The images below show not only a printhead face, with it’s tiny nozzle openings ready to fire – but they show what’s just below those tiny openings.

https://i0.wp.com/gotagteam.com/epson/X900_printhead_closeups/7900_head-3_layers-2.jpg

X900 printhead with face ON

https://i1.wp.com/gotagteam.com/epson/X900_printhead_closeups/7900_head-3_layers-1.jpg

X900 printhead with face OFF.   Daffy Duck points out the nozzle ports

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Each channel in an X900 printhead fires two individual colors separately

https://i1.wp.com/gotagteam.com/epson/X900_printhead_closeups/7900_halthy_piezoelectrics-indicators.jpg

Ink enters each channel through a port from below

This is a dreaded “Fatal Error” message head.  As you can see once you get a message like this, your head is dead.

https://i2.wp.com/gotagteam.com/epson/X900_printhead_closeups/_80E5383-ocanada-problems.jpg

The dreaded fatal error head. Note how the chamber walls, and floors have completely collapsed under the heat and pressure of ill-advised cleanings.

Once you get a visual on just how tiny a nozzle chamber is, it becomes rather amazing that they don’t clog every day all day.  Remember that a nozzle is fired when the piezoelectric chamber walls flex – squeezing ink out through the nozzle opening in the face of the head.  Once ink between the chamber walls starts to dry up it hardens.  Once it hardens the walls can’t flex.  Once the walls can’t flex they can’t fire ink, and they become vulnerable to overheating.

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13 comments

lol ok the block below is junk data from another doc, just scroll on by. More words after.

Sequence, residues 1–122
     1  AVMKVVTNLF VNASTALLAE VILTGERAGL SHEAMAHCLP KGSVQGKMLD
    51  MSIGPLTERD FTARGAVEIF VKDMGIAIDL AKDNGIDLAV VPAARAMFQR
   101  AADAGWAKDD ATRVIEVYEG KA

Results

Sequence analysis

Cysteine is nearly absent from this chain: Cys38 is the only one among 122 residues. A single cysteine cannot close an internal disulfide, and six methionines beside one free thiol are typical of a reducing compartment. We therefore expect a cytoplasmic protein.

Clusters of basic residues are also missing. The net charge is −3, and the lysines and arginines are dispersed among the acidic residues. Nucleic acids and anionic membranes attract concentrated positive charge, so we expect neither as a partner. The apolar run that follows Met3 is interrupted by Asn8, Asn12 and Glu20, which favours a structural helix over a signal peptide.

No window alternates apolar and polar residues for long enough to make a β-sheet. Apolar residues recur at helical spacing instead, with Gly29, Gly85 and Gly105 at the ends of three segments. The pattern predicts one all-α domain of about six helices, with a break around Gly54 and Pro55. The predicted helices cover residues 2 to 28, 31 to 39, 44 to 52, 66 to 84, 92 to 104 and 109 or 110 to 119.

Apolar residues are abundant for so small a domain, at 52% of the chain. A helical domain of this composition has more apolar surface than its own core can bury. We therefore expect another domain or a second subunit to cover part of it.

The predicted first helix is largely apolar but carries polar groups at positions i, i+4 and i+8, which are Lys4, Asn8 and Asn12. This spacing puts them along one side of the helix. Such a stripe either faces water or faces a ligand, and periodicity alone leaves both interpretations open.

1. I found this article after googeling the error code 1a39 for Epson 4900.
    I had to post here because after mucking about by my self I found a solution that was kinda wierd.
    I started the printer, and held up the windowed lid while it started (pressed the “lid-sensor” button with a finger)
    When the carrige started to move I gave it a push agaist it direction. That forced the printer to crash without the “1a39”, and when I booted up again it worked just fine.

    To help other googlers:
    Epson stylus pro x900 4900 fatal error crash 1a39 solution on startup
    1A39 error code

  2. Peter Szalai said:

    Hi!

    I am in trouble with my printer, seems like my head is dead and has short circuit inside. ( 1A39 error code…) I had read a lot of Epson patent, learned how the heads works, and measured the signals with oscilloscope on FFC cables… I know, normal people give up here, but I want to know more about the problem… This page helped me a lot to understand these new TFP heads, but I am interested also: How looks like the PCB board on the back of the head. Is there any controller, driver chip on that PCB, or all the drivers integrated on the bottom of the head, and that PCB is only a connector holder? Can I get some pictures about that PCB and the backside of the head? It can help me a lot in my study. Thank you, Peter

    • Hi. I found a solution that helped me. Posted it above, but here it is again. 😛
      I started the printer, and held up the windowed lid while it started (pressed the “lid-sensor” button with a finger)